Yep, Nintendo's favourite atrocity against online gaming is no more. Well technically the 3DS does still utilise Friend Codes, but you can completely avoid using them now. If you open up your friends list using the smiley face icon on the dashboard, you'll find the option to do a local friends search. Your 3DS will then pick up any 3DSes in range with WiFi enabled, and you can add them to your list without inputting but a single digit.
The StreetPass games are a deceptively brilliant addition. Although the idea of connecting to strangers’ Miis as you pass in the street initially sounds pointless, once you’ve shared a few pieces of the various collectable Nintendo jigsaws and smashed a few monsters in the StreetPass Quest RPG (using strangers you’ve levelled up through repeated meetings, rather brilliantly), you’ll find a damnably addictive sense of community forming. But we have found an issue.
Above: That's quite the army you've amassed there, soldier. Don't leave a man behind
When you log into the StreetPass Plaza to catch up on your StreetPass hits, you have to make sure to use any Miis you’ve collected immediately. If you collect any more before entering either of the games, you’ll lose the ability to use the first set until you collect them again. And that will take at least another day.
It’s a really silly design oversight, and one that we hope Nintendo patches out soon. It’s caused more than a few screams of anguish during our GamesRadar/NGamer/GamesMaster morning StreetPass meet-ups. No-one wants to lose their high-level, four-man team before a big boss fight just because a level-one randomer turned up late to the party.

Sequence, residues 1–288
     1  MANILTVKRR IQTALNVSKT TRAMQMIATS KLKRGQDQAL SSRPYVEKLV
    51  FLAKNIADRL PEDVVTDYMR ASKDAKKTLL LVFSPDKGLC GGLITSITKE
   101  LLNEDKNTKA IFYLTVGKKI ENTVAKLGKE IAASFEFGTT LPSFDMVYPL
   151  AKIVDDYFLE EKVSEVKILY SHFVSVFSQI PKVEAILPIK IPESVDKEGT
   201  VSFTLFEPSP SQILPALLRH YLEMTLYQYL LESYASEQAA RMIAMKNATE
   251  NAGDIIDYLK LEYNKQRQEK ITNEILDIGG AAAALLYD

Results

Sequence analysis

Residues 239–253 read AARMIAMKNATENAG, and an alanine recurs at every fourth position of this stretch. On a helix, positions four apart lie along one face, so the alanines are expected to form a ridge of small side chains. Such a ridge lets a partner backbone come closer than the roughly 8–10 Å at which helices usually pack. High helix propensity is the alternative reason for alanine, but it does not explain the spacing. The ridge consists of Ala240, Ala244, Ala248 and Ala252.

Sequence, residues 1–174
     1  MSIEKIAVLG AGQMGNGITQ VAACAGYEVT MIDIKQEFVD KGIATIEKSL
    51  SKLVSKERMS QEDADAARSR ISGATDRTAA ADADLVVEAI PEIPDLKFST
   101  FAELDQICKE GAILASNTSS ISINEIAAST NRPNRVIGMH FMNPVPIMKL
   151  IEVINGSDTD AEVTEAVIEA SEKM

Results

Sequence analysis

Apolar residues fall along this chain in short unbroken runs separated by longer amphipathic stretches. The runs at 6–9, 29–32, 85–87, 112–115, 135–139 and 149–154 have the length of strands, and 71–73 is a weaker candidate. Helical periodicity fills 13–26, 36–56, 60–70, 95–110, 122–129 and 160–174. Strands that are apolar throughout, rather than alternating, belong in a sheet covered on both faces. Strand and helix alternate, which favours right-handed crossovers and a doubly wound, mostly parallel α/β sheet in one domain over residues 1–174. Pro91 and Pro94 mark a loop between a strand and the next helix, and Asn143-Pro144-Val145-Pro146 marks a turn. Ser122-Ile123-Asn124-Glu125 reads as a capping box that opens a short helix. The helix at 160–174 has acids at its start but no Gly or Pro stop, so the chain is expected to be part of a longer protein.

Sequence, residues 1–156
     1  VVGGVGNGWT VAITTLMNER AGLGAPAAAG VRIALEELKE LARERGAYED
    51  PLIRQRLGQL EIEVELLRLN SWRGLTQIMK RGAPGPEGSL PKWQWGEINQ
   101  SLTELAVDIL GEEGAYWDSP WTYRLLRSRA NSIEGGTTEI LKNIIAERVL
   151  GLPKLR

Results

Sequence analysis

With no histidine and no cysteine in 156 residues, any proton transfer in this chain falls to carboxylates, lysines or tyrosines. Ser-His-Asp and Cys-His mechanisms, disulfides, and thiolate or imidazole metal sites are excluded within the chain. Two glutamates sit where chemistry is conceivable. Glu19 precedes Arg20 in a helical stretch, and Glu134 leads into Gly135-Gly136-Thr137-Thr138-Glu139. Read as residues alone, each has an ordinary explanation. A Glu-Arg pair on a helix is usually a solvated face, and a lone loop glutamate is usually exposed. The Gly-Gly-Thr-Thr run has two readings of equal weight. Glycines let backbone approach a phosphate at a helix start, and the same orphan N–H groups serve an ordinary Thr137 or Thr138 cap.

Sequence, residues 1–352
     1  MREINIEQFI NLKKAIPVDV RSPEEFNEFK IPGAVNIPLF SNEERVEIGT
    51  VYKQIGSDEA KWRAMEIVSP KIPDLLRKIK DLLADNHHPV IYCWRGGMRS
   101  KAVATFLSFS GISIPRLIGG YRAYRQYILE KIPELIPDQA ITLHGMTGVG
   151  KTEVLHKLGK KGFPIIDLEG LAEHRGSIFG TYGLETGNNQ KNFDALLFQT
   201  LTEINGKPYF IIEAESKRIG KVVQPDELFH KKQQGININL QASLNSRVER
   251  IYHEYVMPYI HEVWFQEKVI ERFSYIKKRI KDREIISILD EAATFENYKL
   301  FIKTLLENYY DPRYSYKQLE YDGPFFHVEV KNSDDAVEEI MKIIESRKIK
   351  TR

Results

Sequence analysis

On a similar Street Pass note, you need to know what to spend your Play Coins on. Play Coins are the currency you collect by using the 3DS’ pedometer as you walk around, and they’re used to buy things in the StreetPass games. In the jigsaw collecting Puzzle Swap game they’ll buy you randomly-selected pieces (don’t be surprised if you get a few swapsies, like in the days of Panini sticker albums) and in StreetPass Quest they’ll hire you a freelance hero cat if you don’t have any StreetPass hits that day.
Above: Use them here. Nowhere else
The thing is, you should really prioritise the puzzle pieces. Particularly if you have regular StreetPass meetings with the same friends, buying extra pieces is the only way you can introduce any new content to the group and help each other through. And in StreetPass Quest, those cats are unfortunately completely bloody useless after the first few rooms. You can only ever hire basic level-one heroes, and later battles absolutely require levelled-up fighters, making mercenary moggies a total waste of money.
DS games, not to put too fine point on it, have a habit of looking like ass on the 3DS. Reason being that the original DS’ screen resolution was quite a bit smaller than the 3DS’, so blowing those games up makes them blurry like Vaseline contact lenses. Fortunately there’s a simple solution.
Just hold Select and Start when you boot up a DS game and it’ll load in its original resolution, with black borders around the display making up the screen space.